- In short: A new mother-baby unit will be established at the Royal Hobart Hospital before the state's only current facility is due to close late next month.
- What's next? Critics say the new unit will not have as many beds as the previous service, but the Premier says it is just a "starting point".
When Emma Helks's son Theo was born, the joyous occasion became clouded by a depression that reached dangerous levels.
"They picked up pretty quickly that I was not just going through 'baby blues', which everyone goes through," Ms Helks said.
"It was something a bit more serious."
Three months earlier, at the height of the pandemic in November 2020, the marketing and communications specialist had endured an emergency C-section at Royal Hobart Hospital after many hours of trying to induce the birth.
"[It was] one o'clock in the morning, [I was] viciously shaking in a very scary operating theatre with a very tired husband next to me, and a baby who got ripped away from us straight away as well," she said.
"I didn't get to hold him, I couldn't hold him, I was shaking so hard, but they also had to take him away."
After the traumatic experience at hospital, she was grateful to get home.
But with no other family in Tasmania to support her, apart from her husband, her mental health deteriorated severely.
"Postnatal depression can come in many forms," Ms Helks said.
"For me, it was anxiety and fear and invasive thoughts that were very visual about everything that could go wrong to me and my baby."
It was only after she was referred to Tasmania's only mother-baby unit at the St Helen's Private Hospital in Hobart that her outlook began to improve.
As well as getting much-needed sleep during her seven-week stay, she was able to access in-house psychologists and receive treatment such as transcranial magnetic stimulation (TMS).
"St Helen's literally saved my life, if not my son's as well," she said.
"If I hadn't had that facility and that care, I probably wouldn't be here talking to you today."
But last week, hospital operator Healthscope announced its impending closure.
It means that by the end of June, the unit's eight private suites, along with the hospital's other mental health services, will no longer be available for those in need.
Ms Helks cried when she heard the news.
"That place is not enough as it was," she said.
"And for even that to be taken away is devastating to an already under-financed department and the needs that mothers and babies have across this state."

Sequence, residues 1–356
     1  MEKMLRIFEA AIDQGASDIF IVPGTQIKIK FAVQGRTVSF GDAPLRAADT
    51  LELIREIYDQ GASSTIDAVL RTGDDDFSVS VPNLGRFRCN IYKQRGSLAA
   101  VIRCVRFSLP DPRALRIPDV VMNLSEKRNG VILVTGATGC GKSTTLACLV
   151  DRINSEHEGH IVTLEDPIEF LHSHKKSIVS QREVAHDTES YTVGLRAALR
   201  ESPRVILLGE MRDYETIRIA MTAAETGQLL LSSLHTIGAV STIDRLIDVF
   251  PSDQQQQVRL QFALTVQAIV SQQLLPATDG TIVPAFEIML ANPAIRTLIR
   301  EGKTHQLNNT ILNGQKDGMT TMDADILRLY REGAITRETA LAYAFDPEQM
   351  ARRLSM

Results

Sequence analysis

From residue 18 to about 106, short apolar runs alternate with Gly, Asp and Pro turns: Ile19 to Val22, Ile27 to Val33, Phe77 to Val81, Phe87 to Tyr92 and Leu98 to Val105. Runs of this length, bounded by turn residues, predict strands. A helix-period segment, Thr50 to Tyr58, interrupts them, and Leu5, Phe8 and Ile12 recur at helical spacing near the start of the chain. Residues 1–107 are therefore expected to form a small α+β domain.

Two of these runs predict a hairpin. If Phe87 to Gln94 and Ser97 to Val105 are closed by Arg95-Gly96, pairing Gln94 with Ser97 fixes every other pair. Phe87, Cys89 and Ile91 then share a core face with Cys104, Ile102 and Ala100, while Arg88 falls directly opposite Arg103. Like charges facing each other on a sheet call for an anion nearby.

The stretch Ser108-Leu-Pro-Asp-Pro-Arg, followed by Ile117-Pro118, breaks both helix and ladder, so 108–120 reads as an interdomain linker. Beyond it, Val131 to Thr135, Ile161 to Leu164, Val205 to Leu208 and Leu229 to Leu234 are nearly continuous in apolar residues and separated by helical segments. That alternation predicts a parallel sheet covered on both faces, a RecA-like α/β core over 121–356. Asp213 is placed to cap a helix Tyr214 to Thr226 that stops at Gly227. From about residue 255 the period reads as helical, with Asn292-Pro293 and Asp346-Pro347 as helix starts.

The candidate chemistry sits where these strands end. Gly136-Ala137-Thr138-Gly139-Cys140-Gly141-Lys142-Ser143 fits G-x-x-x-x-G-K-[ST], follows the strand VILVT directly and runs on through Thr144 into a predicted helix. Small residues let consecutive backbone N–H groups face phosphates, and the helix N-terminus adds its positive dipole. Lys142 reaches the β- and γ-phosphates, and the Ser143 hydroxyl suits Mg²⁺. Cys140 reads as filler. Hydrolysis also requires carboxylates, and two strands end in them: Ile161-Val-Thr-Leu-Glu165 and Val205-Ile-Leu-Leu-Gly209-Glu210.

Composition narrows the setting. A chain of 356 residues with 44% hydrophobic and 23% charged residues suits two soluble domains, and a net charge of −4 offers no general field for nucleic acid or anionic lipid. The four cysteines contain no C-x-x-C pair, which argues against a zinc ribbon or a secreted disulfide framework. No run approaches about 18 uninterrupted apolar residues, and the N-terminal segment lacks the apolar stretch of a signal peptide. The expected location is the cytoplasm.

Government announces new service
In response, the Tasmanian government on Tuesday announced plans for a new mother-baby unit at the Royal Hobart Hospital
The public service, which is expected to be operational by mid-June, will have three beds for mothers experiencing psychiatric conditions.
Those with physical maternal exhaustion, as well as feeding and settling issues, will continue to be accommodated at the hospital's paediatric ward.
"We know how vital the mother and baby unit is for Tasmanian families," Premier Jeremy Rockliff told parliament.
"Which is why we have worked hard to find a solution to ensure that people who need it can access this type of care and support in the most appropriate setting prior to the St Helen's Private closing."
Ms Helks said the government's solution was woefully inadequate.
"It's like removing a bandage from a broken limb and putting a bandaid on it," she said.
"It's not enough, it never was enough, and it's even less now. It's kind of a joke."
She also questioned the placement of the new mother-baby unit within the hospital, where she was left traumatised by her birthing experience.
"It's harmful and ignorant to expect women who might have had a traumatic birth — which one in three women do — to go back to a place … if not the exact place, where that trauma happened in order to get better."
Dr Yvonne Turnier-Shea, a psychiatrist who works at St Helen's, said the three new beds at Royal Hobart Hospital were "a drop in the ocean" of what was needed.
She said while they would provide support for a limited number of mothers in need of urgent care, she believed some of the preventative services currently provided at St Helen's would probably "fall by the wayside".
Dr Turnier-Shea also warned the imminent closure of more than 30 mental health beds at St Helen's would lead to a crisis in the public system.
"In six weeks' time, there'll be a huge fallout of patients flooding the already busy GP practices, the already overloaded emergency departments," she said.
"All those patients will be ending up somewhere, extremely distressed."
Labor's shadow health minister Anita Dow called for further details about the new mother-baby unit.
"While the announcement is a good start for the many families that use the service, three publicly funded beds is clearly not enough to cater for the entire state, and doesn't even come close to replacing what has been lost."
Mr Rockliff said the new mother-baby unit at Royal Hobart Hospital was just the "starting point".
He said the government was also exploring ways to mitigate the impact of losing other services at St Helens, including mental health, alcohol and drug treatment and TMS.